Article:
Turkish Minister of Foreign Affairs Mevlut Cavusoglu claimed Monday that Syrian Kurds have begun leaving the country's safe zones, though they continue to violate a ceasefire regime.
The minister continued by saying that Turkey will resume its offensive in northern Syria if Kurdish forces, seen as terrorists by Ankara, do not withdraw from the border safe zone within 35 hours.
"Harassment fire continues, ... and we have retaliated to those harassment fires. We observe that now the YPG-PKK [Kurdistan Workers' Party] elements start to leave the areas that we are now controlling. We have 35 hours left. If they don't withdraw, our operation will restart," Cavusoglu said in an address at TRT World Forum in Ankara.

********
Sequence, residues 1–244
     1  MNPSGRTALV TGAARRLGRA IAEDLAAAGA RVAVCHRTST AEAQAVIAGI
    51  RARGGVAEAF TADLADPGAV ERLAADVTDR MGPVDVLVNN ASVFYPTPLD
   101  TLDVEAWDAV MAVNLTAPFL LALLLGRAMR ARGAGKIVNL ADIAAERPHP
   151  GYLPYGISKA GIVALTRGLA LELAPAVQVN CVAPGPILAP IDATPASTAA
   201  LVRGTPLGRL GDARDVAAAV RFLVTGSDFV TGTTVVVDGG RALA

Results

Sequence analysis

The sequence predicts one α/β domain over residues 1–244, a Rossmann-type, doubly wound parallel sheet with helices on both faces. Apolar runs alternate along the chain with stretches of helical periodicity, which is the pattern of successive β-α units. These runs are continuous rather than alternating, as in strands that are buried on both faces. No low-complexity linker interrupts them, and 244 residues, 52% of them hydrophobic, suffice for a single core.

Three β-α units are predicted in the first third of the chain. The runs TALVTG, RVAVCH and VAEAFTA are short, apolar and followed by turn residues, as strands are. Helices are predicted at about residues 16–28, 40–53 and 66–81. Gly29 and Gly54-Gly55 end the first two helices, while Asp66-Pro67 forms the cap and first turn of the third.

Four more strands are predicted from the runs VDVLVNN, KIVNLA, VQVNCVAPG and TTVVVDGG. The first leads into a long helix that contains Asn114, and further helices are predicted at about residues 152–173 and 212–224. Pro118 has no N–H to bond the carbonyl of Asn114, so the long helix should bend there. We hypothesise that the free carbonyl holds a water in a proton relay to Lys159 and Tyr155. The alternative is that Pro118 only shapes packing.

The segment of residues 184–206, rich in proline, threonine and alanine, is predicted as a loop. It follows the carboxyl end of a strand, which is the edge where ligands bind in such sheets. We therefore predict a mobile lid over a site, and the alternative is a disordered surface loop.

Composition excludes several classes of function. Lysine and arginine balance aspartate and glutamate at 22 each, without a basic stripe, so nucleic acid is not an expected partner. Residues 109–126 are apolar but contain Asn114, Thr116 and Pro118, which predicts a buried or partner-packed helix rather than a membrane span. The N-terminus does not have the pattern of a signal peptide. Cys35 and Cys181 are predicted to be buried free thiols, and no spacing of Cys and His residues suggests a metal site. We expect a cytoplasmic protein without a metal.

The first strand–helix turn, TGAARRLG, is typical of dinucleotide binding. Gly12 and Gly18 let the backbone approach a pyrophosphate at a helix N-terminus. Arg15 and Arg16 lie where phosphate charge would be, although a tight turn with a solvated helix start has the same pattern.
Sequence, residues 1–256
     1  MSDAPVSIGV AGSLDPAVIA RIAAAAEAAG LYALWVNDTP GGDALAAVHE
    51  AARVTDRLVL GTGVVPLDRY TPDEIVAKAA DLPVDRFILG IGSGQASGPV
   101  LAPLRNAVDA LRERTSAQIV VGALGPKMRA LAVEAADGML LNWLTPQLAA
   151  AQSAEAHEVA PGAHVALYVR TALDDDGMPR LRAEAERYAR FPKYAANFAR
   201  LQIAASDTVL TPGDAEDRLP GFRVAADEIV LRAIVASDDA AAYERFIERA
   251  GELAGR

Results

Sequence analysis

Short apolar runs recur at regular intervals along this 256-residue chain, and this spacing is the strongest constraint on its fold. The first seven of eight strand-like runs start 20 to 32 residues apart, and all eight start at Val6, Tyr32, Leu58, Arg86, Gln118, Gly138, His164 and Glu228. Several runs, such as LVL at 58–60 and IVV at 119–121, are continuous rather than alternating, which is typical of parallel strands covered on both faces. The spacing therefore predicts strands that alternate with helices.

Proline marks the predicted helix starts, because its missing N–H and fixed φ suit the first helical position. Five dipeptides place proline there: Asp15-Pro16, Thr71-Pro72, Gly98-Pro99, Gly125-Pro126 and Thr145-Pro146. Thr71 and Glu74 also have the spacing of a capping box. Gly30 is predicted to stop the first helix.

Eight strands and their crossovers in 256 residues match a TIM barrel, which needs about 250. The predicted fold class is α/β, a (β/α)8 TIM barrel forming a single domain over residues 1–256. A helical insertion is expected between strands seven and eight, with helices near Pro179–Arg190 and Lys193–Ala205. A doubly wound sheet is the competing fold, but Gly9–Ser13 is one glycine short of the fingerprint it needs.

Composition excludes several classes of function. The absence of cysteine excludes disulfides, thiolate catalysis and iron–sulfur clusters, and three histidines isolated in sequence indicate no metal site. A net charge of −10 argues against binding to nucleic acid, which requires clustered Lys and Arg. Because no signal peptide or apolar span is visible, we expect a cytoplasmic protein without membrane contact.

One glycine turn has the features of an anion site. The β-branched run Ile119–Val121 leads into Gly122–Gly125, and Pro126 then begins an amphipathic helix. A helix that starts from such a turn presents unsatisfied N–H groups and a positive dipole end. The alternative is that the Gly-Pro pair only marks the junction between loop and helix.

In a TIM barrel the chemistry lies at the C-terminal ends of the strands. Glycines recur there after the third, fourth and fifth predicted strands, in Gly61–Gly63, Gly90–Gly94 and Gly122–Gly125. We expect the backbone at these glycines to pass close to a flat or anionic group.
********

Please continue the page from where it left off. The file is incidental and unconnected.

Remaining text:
On October 17, US Vice President Mike Pence announced that the United States and Turkey had agreed on halting the Turkish offensive, launched on October 9 and dubbed Peace Spring, for 120 hours for the Kurdish People's Protection Units (YPG) to leave the area within the 18-mile so-called safe zone, which Ankara intends to control unilaterally. However, both Ankara and Kurds have reported ceasefire violations.
The decision was made a week after Ankara launched "Operation Peace Spring" shortly after US President Donald Trump announced the withdrawal of US troops from Syria, stating it aimed to rid its southern border of Kurdish militia which it views as terrorists. The operation immediately drew criticism from the international community, while Damascus called it an occupation. Russia, which supports the Syrian government, called on Turkey to avoid escalation.